ImageYesterday evening, I was killed at least 50 times. I was stabbed, slashed, poked, cut, beheaded, dismembered and left for dead. In other words: I attended my first class at the Schola Gladiatoria.

I had absolutely no idea what to expect and approached the doorway with a mix of trepidation and Christmas-morning level excitement. The instructor, Matt, was very welcoming and gave me a quick run-through of what happens in class, as he was emptying his duffel bag of various wooden swords, shields, gloves, helmets and other ominous-looking things I can’t quite identify as yet. Other members of the class filed slowly in, everyone seemed quite nice, and it was clear to me that this is a very chummy group. They all seem to be at different stages in their training, so I didn’t feel out of place at all as a beginner.

We started out with a warm-up, after which we were all ready to get down to business. We each geared up with a practice sword, and we began to train with very basic cutting and slashing techniques. We moved on to some backward movements as well as footwork and some choreographed fight routines. It looks easy when you see it in the movies, but let me tell you – if you’re not used to handling swords (which I’m guessing most people aren’t) or using your arms for such strenuous activity, it gets hard quite quickly. As the swords we were using were only a fraction of the weight of an actual steel weapon, it gives me a whole new respect for how strong fighters must have been back in the day. Additionally, the footwork is crucial; much like boxing, it is more important to avoid being struck (or in this case, cleaved) than it is to land a blow on your opponent. Likewise, without proper footing, none of your attacking movements will have sufficient power behind them. It’s a lot to think about and I did feel that I was embarking on an unexpectedly fascinating part of swordplay. It’s a great workout, too- my heart rate was up the entire time, not to mention the adrenaline rush one feels from even mock combat.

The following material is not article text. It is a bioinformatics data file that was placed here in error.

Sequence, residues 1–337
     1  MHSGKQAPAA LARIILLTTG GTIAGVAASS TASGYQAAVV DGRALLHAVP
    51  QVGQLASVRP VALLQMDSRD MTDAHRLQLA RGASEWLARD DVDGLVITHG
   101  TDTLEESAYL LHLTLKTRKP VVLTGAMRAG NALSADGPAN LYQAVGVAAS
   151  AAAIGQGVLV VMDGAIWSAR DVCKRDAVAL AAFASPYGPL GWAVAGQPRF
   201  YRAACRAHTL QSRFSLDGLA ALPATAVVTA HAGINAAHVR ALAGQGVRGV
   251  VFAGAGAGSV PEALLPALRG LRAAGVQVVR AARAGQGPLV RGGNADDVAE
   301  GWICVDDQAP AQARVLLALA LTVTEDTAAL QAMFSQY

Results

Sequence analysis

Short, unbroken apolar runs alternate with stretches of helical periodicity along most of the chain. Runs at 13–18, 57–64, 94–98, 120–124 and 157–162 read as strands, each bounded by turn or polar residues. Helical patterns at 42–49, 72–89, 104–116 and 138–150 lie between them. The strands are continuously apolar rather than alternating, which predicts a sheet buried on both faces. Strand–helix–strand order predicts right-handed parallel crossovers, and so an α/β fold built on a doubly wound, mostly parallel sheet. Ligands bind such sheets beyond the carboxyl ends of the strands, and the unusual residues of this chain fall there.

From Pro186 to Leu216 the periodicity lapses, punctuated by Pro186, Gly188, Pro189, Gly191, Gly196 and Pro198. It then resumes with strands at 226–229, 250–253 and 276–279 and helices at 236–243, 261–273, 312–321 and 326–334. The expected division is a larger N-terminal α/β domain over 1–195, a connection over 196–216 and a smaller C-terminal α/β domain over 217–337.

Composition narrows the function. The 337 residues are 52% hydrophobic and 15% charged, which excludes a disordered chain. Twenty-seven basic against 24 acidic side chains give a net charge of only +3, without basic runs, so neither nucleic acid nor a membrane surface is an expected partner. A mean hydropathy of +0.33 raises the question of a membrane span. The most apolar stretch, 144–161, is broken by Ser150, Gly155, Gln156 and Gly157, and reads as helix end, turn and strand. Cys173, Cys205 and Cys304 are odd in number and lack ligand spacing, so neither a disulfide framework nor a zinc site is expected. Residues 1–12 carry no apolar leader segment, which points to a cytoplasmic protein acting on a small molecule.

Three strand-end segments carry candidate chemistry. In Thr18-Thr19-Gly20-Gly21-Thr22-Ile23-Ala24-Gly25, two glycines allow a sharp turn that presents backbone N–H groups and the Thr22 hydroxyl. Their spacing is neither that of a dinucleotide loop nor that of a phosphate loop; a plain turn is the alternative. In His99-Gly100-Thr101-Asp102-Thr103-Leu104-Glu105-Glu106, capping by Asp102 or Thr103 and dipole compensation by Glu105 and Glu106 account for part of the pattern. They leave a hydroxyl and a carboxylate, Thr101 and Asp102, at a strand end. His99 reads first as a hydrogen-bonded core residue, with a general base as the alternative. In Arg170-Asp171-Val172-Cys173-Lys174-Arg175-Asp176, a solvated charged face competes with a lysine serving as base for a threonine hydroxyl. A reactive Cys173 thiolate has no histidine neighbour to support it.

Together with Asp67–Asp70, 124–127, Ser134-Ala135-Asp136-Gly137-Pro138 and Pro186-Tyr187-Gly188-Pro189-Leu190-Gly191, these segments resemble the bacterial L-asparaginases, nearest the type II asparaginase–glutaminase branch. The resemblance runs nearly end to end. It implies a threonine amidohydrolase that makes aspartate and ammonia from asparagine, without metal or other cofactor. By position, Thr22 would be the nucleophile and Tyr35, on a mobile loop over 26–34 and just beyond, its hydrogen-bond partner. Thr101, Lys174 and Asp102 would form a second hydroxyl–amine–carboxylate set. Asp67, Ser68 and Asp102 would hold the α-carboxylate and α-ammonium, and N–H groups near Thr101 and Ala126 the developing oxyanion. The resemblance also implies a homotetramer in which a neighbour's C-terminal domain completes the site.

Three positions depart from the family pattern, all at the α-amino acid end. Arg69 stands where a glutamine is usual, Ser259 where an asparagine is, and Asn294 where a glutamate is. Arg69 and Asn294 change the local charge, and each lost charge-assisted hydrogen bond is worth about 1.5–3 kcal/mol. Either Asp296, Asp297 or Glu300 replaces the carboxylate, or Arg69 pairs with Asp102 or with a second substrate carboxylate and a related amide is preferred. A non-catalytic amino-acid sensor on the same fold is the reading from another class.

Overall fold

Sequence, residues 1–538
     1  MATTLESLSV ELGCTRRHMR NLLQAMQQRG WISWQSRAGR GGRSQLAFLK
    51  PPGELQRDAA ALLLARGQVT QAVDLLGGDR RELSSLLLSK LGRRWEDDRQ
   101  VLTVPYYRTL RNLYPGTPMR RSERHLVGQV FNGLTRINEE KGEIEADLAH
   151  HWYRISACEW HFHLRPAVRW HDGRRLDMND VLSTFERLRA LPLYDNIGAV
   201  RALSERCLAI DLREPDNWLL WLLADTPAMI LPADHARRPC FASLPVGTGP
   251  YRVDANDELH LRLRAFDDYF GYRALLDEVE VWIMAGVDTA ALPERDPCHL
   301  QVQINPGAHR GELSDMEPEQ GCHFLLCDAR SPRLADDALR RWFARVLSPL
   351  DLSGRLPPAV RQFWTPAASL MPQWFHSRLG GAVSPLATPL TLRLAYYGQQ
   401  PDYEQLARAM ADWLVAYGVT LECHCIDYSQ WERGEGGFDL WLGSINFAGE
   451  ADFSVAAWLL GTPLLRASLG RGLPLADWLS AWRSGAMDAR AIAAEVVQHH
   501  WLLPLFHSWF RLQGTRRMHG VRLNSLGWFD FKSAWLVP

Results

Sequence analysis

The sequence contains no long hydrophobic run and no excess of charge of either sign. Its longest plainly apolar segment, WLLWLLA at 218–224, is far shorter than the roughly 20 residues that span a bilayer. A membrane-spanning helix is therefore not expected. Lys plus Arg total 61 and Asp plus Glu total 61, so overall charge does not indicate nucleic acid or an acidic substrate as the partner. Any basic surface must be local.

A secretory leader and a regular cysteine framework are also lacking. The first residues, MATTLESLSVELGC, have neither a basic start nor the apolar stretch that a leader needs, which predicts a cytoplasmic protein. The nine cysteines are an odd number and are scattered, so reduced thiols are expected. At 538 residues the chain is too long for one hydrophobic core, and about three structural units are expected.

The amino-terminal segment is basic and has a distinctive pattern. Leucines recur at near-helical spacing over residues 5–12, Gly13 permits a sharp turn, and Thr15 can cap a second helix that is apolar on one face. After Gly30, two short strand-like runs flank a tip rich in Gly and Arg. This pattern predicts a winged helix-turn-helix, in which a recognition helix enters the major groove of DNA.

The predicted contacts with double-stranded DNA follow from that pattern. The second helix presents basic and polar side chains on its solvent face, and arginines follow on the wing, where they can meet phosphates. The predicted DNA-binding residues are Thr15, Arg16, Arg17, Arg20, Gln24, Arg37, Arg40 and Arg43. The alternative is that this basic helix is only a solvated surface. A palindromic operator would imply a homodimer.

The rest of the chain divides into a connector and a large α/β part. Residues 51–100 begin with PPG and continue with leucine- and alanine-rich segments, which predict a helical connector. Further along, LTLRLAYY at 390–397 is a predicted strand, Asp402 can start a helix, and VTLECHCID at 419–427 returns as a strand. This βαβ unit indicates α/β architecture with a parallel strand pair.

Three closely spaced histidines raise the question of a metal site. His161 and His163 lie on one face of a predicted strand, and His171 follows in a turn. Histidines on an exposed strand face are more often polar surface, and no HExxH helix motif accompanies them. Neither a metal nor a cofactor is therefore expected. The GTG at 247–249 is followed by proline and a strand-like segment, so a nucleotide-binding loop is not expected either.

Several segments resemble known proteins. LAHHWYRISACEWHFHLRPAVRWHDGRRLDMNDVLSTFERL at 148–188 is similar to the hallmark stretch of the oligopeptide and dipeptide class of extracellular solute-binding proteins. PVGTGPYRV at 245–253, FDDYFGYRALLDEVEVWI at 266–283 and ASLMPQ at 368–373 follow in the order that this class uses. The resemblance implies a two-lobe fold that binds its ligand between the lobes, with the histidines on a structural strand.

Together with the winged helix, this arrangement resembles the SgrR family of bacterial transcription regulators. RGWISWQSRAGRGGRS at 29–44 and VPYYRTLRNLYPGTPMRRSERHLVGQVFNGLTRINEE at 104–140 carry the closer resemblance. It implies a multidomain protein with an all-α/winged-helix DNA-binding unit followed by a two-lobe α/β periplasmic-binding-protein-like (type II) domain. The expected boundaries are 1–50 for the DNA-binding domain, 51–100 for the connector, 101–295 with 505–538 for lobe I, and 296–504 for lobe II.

It has to be said: I’m not very good at this all. But, I can see how wanting to improve gets addicting! I feel determined to go back and get better. At the end of class, there was a sparring session, and it was thrilling to watch the more highly trained students go after each other in unchoreographed fights. Steel clashing, face-masks in place, it’s really a good show. We beginners also got a chance to spar with the instructor, but as I was already nursing a gigantic blister in the crook of my thumb on my pommel-side hand, I decided to opt out. I left the studio with his correctly dismissive comment ‘Wuss!’ ringing in my ears. We’ll see about that- I’m definitely going back for more. And I’ll be taking pictures, too!

For more details, visit Schola Gladiatoria at http://www.fioredeiliberi.org

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